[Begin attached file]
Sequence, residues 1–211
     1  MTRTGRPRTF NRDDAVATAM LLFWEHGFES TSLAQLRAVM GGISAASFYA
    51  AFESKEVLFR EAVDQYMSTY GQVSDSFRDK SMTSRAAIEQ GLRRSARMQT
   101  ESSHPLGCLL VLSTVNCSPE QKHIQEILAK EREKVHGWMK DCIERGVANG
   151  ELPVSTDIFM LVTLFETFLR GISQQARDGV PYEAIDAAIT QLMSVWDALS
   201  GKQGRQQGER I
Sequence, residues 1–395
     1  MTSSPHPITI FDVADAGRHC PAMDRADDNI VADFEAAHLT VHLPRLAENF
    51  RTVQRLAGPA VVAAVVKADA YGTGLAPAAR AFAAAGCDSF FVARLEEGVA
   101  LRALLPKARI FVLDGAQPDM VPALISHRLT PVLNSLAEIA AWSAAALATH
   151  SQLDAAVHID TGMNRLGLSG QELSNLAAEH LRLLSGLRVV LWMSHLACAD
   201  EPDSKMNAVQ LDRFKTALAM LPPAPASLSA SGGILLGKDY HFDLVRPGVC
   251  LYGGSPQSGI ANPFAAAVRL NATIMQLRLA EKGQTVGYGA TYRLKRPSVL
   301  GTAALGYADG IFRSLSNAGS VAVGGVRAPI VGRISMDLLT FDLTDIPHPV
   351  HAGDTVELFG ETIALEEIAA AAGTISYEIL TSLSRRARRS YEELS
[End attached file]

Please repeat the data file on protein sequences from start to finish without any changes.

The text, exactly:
Sequence, residues 1–211
     1  MTRTGRPRTF NRDDAVATAM LLFWEHGFES TSLAQLRAVM GGISAASFYA
    51  AFESKEVLFR EAVDQYMSTY GQVSDSFRDK SMTSRAAIEQ GLRRSARMQT
   101  ESSHPLGCLL VLSTVNCSPE QKHIQEILAK EREKVHGWMK DCIERGVANG
   151  ELPVSTDIFM LVTLFETFLR GISQQARDGV PYEAIDAAIT QLMSVWDALS
   201  GKQGRQQGER I
Sequence, residues 1–395
     1  MTSSPHPITI FDVADAGRHC PAMDRADDNI VADFEAAHLT VHLPRLAENF
    51  RTVQRLAGPA VVAAVVKADA YGTGLAPAAR AFAAAGCDSF FVARLEEGVA
   101  LRALLPKARI FVLDGAQPDM VPALISHRLT PVLNSLAEIA AWSAAALATH
   151  SQLDAAVHID TGMNRLGLSG QELSNLAAEH LRLLSGLRVV LWMSHLACAD
   201  EPDSKMNAVQ LDRFKTALAM LPPAPASLSA SGGILLGKDY HFDLVRPGVC
   251  LYGGSPQSGI ANPFAAAVRL NATIMQLRLA EKGQTVGYGA TYRLKRPSVL
   301  GTAALGYADG IFRSLSNAGS VAVGGVRAPI VGRISMDLLT FDLTDIPHPV
   351  HAGDTVELFG ETIALEEIAA AAGTISYEIL TSLSRRARRS YEELS